Op-Ed: New York state has annouced it will dim lights to help migratory birds but across Europe on the island of Malta such birds still battle for survival.
When birds migrate they are believed to use the stars to guide them but the night sky over a huge city like New York can cause the birds confusion and result in disorientation and crashes into high buildings. Dimming the lights will help the birds on their way safely.
According to BBC News "they can be disorientated by electric lights, causing them to crash into buildings.The phenomenon, known as "fatal light attraction", is estimated to kill up to one billion birds a year in the US. Millions of birds migrate through New York along the Atlantic Flyway route. Now those passing over the city by night will stand a better chance of making it further north."
The National Audubon Society's Lights Out programme now includes many landmarks across America; Monday's announcement that lights will be turned off between 23:00 and dawn during peak migration seasons in spring and autumn was made by New York Governor Andrew Cuomo.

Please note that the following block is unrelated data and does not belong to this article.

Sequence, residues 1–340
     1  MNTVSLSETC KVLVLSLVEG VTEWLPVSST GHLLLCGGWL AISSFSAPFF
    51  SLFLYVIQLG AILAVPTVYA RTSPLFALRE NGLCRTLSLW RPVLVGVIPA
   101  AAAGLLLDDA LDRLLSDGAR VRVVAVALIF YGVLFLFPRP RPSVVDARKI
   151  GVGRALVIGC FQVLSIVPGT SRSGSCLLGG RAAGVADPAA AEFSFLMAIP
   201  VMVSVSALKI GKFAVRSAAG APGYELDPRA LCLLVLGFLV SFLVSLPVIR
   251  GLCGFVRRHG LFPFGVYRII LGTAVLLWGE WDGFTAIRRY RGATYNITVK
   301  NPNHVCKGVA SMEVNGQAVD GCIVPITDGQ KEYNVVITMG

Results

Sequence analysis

But the struggle to save migratory birds that pass over Malta continues.
Visiting the small Mediterranean Island in September 1991 we noted that some houses had tiny bird cages close to bedroom windows and learned that captured migratory birds were kept in these. Their pitiful song was a plea for freedom.
But worse still an estimated "3 million birds are shot or trapped on Malta while migrating between Africa and Europe in the spring and autumn, leading to a gradual decline of these beloved European birds that traditionally seek refuge in Malta."
The caged birds help lure others which are then shot and killed by huntsman.
Hunting laws were relaxed in 1994 and in 2015 are all but abandoned.
When the Guardian reported "Chris Packham: Malta is a bird hell" in August 2014 they said Malta allows 9,798 hunters to shoot up to 16,000 turtle dove and quail each spring. But Chris Packham, a BBC presenter, English naturalist, nature photographer, and author, in August found injured and dead birds illegally shot included swifts, yellow-legged gulls, kestrels and a little bittern.